Last man to walk on the moon Capt. Eugene Cernan joins ANSEP at 20th anniversary celebration


ANCHORAGE, ALASKA – The Alaska Native Science & Engineering Program (ANSEP) kicked off its annual celebration Friday, Jan. 30 with a midday presentation for students led by renowned NASA astronaut Capt. Eugene Cernan.

Among his many notable accomplishments, Cernan remains the last man to walk on the moon, a highlight of his Apollo 17 mission. With his message of inspiration, guidance and opportunity told through extraordinary stories about his adventures as an astronaut, Capt. Cernan motivated ANSEP students to continue working to reach their educational and professional goals.

“I consider myself extremely fortunate because I know someone else could have been in my place, but it was me, and now I get to share my experiences with you,” said NASA astronaut Capt. Eugene Cernan. “Don’t ever stop dreaming because dreaming is what the future is made of. Dream the impossible and go make it happen.”

On Friday evening, ANSEP and its partners gathered to celebrate the program’s 20th year. In 1995, Herb Ilisaurri Shroeder, Ph.D., founded ANSEP as a scholarship program for a single student. Today, there are more than 1,500 middle school, high school, university students and alumni.

“We’re thrilled Capt. Cernan could join us in celebrating this exciting milestone and relay his inspirational message to our students,” said Founder and Vice Provost Herb Ilisaurri Schroeder, Ph.D. “We’re so proud of the exceptional progress we’ve made the past 20 years, and excited to double our reach in the next five years.”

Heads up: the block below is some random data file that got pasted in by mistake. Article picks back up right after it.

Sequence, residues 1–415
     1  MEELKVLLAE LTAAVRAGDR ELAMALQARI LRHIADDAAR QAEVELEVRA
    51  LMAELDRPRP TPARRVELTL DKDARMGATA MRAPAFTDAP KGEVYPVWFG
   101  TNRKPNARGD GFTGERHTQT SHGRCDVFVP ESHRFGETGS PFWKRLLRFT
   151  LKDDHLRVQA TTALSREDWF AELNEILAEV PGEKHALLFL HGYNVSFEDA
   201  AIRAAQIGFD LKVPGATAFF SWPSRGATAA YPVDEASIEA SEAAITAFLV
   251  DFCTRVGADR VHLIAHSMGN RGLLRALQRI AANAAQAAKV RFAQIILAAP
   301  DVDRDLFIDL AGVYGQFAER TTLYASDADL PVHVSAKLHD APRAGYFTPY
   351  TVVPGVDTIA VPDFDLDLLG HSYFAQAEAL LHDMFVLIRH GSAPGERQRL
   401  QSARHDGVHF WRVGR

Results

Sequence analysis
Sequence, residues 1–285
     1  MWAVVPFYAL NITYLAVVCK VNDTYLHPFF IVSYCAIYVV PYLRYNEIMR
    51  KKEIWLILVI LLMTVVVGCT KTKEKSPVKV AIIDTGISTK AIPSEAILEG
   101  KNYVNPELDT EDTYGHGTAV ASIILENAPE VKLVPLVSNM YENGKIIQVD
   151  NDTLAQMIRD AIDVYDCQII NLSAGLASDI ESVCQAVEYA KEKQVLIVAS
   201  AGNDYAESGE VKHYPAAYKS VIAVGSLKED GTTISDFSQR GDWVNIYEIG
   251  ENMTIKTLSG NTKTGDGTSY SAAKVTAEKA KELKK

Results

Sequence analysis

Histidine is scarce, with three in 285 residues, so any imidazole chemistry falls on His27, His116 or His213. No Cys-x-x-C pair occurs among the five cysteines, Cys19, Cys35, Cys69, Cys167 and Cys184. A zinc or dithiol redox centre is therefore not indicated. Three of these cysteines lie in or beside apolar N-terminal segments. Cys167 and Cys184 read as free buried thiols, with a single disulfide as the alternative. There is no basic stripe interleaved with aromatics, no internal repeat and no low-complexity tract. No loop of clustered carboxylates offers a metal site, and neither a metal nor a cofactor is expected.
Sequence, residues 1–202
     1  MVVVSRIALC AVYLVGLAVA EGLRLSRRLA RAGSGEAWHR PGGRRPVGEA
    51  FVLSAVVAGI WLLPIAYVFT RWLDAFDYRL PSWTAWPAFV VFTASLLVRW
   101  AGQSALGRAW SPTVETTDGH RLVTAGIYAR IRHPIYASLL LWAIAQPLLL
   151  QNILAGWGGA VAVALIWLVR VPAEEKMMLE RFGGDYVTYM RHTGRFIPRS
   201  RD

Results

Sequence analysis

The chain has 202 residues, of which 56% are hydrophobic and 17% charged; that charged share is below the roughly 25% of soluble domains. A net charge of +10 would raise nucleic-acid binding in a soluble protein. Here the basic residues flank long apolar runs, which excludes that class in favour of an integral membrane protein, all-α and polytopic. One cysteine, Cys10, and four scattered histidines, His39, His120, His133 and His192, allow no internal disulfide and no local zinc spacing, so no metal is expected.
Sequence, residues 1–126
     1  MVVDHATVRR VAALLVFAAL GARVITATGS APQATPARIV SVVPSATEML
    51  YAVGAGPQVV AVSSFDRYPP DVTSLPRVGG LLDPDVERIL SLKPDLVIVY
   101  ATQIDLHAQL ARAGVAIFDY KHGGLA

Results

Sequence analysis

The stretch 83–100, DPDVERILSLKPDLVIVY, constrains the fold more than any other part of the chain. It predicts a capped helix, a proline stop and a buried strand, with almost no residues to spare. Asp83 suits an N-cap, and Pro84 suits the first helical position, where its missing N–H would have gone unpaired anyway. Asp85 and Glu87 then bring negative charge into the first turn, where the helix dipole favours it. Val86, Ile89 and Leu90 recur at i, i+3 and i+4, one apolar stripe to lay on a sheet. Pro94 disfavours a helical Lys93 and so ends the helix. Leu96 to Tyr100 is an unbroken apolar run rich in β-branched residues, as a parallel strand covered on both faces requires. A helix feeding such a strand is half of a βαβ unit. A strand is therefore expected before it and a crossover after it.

Throughout the past two decades, ANSEP has made great progress toward improving the hiring patterns of Alaska Natives in science, technology, engineering and mathematics (STEM) fields by providing students with the tools they need to be successful. Beginning with students in middle school, ANSEP’s longitudinal model continues through high school into undergraduate degree programs and even through graduate school to the doctorate level.

Since 2010, more than 75 percent of ANSEP students who have begun a University of Alaska undergraduate program in a STEM field are still enrolled and on track to earn their degree or have graduated. By year 2020, more than 4,000 ANSEP students will be on track for science and engineering degrees. To learn more about ANSEP and its components, visit www.ANSEP.net.